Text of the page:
Once lowered to the proper depth in casing 16, the deployment of the lower slips 54, the elastomeric boot 52 and the upper slips 50 is accomplished as follows. The drill string 20 is pulled or raised upwardly, thereby carrying with it the setting tool stem 48, the coupling 90 and the tubular mandrel body 76. As a result, the bottom nipple 150 is also moved upwardly which shears the upper head set screws 120 and breaks the metal band 148 around the lower slips 54. As a consequence the lower slips 54 are forced onto the ramped edge 142 of the lower head 138. This, in turn, forces the lower head 138 upwardly which shears the screws 140, and which then forces the elastomeric boot 52 upwardly also. The upward movement of the elastomeric boot 52 applies a force on the upper head 122 which forces the upper slips 50 into a firm grip with the casing 16. Of course, before deployment of the noted elements, the upper slips 50 have been released, i.e., are no longer engaged around the tubular mandrel body 76 by the slip-cover sleeve 68. With the continued upward movement of the nipple 150, the upper and lower slips 50 and 54 are forced outwardly into a firm gripping relationship with the casing 16. The general axial force applied between the ends of the elastomeric boot 52 causes it to bow outwardly on each side of the constriction band 134. The elastomeric boot 52 expands outwardly sufficiently such that it presses against the internal sidewalls of casing 16, thereby effecting a seal to the casing 16 and defining isolated upper and lower zones within the casing 16. When sealed, fluid is able to be pumped through the packer assembly 28 via the tubular mandrel. When the packer is set in the noted manner, it cannot be moved upwardly or downwardly, or rotated.

The nipple 150 includes internal threads 158 for attaching other equipment thereto. In addition, an internal annular groove 160 is provided for receiving an O-ring (not shown) for sealing such other equipment therein. Optional set screws may be utilized in the threaded hole 162 for fixing other equipment, such as the seal bore extension 32 (FIG.1) to the packer assembly 28.

The packer setting apparatus and the packer assembly itself may be utilized in conjunction with the cementing operation noted above, or may be utilized in other applications for isolating zones within a casing 16. In such applications, the packer can be set, and the setting tool removed therefrom, by the operations described below. First, the packer setting tool 24 and the packer assembly 28 are lowered to the proper depth within the casing 16, via the drill string 20. The friction springs 60 are constructed to exert a force on the sidewalls of the casing 16 sufficient to require a force of about 400-500 lbs. to move the packer assembly 28 within the casing 16. Importantly, the friction springs 60 grip the inside of the casing 16 and thus resist attempts to rotate the anchor cage 64 and friction springs 60.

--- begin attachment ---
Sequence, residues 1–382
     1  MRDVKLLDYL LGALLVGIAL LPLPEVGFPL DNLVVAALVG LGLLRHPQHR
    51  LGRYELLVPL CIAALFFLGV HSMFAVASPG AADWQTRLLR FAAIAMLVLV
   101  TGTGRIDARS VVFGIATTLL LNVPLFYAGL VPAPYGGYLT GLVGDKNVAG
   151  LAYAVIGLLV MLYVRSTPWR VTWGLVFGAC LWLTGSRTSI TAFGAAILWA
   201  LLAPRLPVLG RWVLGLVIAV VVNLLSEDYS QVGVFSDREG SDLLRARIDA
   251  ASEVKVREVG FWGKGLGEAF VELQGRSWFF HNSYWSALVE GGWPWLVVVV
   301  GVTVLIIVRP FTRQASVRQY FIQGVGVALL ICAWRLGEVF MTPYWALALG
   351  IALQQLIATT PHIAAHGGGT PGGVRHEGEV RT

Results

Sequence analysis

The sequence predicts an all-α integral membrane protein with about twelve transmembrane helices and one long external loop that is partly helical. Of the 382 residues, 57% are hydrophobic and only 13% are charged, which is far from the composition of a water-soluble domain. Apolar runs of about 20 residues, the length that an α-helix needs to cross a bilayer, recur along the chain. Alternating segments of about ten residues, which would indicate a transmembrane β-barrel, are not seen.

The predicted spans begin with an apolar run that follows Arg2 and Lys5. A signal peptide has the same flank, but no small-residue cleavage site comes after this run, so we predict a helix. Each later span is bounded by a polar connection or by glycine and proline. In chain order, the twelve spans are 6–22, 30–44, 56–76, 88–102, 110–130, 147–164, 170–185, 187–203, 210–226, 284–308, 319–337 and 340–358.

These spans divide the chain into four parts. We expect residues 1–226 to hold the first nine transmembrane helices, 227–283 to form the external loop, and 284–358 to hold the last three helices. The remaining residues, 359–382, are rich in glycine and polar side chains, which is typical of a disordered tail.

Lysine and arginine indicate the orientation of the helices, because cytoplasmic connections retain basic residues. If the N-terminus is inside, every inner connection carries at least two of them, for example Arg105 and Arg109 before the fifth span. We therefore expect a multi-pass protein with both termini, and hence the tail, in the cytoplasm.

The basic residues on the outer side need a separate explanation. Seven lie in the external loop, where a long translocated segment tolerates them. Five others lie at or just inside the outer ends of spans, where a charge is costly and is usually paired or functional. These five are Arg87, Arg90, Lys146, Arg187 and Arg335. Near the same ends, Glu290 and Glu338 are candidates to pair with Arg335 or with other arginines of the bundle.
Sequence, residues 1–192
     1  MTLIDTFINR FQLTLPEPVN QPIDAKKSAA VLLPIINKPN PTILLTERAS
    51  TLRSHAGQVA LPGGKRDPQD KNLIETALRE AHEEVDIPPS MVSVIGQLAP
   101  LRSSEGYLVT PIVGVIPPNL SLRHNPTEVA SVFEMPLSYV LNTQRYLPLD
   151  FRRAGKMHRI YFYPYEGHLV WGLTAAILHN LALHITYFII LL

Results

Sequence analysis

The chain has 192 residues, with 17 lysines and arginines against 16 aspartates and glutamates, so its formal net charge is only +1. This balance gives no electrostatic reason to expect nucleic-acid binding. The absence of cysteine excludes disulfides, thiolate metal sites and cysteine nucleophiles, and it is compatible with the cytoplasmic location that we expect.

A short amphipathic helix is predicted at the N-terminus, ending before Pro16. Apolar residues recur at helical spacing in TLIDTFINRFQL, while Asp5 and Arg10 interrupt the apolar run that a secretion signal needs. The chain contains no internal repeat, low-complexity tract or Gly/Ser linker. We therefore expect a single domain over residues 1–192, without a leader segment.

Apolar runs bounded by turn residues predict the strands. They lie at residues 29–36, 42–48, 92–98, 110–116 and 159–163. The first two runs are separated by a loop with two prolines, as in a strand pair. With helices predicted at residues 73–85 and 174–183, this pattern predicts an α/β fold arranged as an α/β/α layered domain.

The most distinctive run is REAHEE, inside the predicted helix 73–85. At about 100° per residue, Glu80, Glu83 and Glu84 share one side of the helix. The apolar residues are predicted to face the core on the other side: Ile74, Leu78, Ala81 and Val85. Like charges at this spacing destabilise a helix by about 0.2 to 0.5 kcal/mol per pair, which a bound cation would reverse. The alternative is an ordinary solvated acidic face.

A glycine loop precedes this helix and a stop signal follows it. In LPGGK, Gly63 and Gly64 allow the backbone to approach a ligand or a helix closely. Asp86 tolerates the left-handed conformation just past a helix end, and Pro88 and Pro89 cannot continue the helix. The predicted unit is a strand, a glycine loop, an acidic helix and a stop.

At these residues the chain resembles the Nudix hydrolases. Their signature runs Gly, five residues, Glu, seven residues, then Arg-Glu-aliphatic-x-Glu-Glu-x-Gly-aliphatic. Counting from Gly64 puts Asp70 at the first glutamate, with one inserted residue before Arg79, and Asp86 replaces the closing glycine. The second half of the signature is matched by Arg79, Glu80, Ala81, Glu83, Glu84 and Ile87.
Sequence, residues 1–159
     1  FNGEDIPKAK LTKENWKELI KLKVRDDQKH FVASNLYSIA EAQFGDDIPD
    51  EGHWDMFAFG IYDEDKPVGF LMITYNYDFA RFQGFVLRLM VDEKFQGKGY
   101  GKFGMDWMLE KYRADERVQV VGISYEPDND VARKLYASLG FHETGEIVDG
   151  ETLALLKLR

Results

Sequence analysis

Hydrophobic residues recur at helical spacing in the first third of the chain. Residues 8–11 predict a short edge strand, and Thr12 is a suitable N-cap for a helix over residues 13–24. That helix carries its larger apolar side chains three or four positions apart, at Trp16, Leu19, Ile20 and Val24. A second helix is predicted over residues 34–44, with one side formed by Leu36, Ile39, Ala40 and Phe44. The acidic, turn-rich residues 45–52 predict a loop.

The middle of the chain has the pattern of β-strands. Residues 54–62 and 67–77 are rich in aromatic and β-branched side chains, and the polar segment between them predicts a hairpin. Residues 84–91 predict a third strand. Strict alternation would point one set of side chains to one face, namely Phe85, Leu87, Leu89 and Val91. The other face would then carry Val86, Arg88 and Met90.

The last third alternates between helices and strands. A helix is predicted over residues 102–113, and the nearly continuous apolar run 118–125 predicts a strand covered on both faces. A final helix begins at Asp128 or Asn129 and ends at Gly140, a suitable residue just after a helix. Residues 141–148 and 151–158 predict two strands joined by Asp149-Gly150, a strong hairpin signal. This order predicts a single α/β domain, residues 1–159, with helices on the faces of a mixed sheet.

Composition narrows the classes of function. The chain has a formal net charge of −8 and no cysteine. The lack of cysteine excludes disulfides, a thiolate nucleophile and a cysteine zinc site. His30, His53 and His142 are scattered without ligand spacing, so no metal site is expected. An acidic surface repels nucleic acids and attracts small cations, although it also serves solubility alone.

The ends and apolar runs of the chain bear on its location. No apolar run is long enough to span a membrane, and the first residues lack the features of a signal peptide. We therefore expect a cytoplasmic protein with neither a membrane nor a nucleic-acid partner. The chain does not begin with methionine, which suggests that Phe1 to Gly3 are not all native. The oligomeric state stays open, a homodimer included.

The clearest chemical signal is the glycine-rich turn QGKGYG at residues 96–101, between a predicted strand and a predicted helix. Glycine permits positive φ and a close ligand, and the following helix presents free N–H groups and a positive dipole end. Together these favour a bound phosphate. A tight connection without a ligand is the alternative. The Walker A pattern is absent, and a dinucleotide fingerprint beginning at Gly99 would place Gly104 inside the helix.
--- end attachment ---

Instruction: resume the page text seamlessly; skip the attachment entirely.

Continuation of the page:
Once the packer assembly 28 is located at the proper depth within the casing 16, the drill string 20 is rotated in a right-hand direction, which angular movement rotates the setting tool stem 48. The rotational movement of the setting tool stem 48 is translated through the coupling 90 to the tubular mandrel body 76 which is fixed thereto by the set screw 94. The right-hand rotation of the drill string 20 is in a direction which tightens the right-hand threads 92. No relative movement occurs with respect to the left-hand threads 88, as the tubular mandrel body 76 is fixed to the coupling 90 via the shearable set screw 94. Insufficient force is exerted on the set screw 94, at this time, for any shearing action to occur.

The rotational movement of drill string 20, and thus the tubular mandrel body 76, causes corresponding rotation of the threaded ring 74, due to its engagement by way of the notch 80 and the key lug 84. Accordingly, the rotation of the threaded ring 74 causes a coaction between its threads 78 and those 70 of the slip-cover sleeve 68. The slip-cover sleeve 68, the attached anchor cage 64 and friction springs 60 do no rotate and thus move upwardly with respect to the tubular mandrel body 76. After a number of rotations of the drill string 20, the slip-cover sleeve 68 is moved upwardly sufficiently such that the bottom portion thereof uncovers the upper slips 50. Preferably, the slip-cover sleeve 68 is moved upwardly sufficiently to become completely disengaged from its threaded connection with the threaded ring 74. However, if such a complete disconnection is not effective during rotation, the parts are separated by a subsequent action described below.

Once the upper slips 50 are deployed, they fall downwardly into engagement with the casing 16. The next action in setting the packer equipment of the invention is the upward movement of the drill string 20, thereby also moving the tubular mandrel body 76 upwardly. The nipple 150 is carrier upwardly by the mandrel body 76 and forces the lower slips 54 upwardly also. As noted above, the depolyment of the lower slips 54 and the elastomeric boot 52 is achieved by the upward movement of the nipple 150. Because the upper slips 50 cannot move upwardly, primarily due to the engagement thereof with the casing 16, the intermediate components therebetween are forced together. The lower slips 54 are thereby wedged by the lower head 138 into gripping engagement with the casing 16, as are the upper slips 50 as a result of the wedging action with the upper head 122. As noted above, the constriction also deploys the elastomeric boot 52 outward into a sealing relationship with the casing 16. The packer apparatus is thereby permanently set within the casing 16 with the elastomeric boot 52 forming a seal to define two fluid tight zones within the casing 16.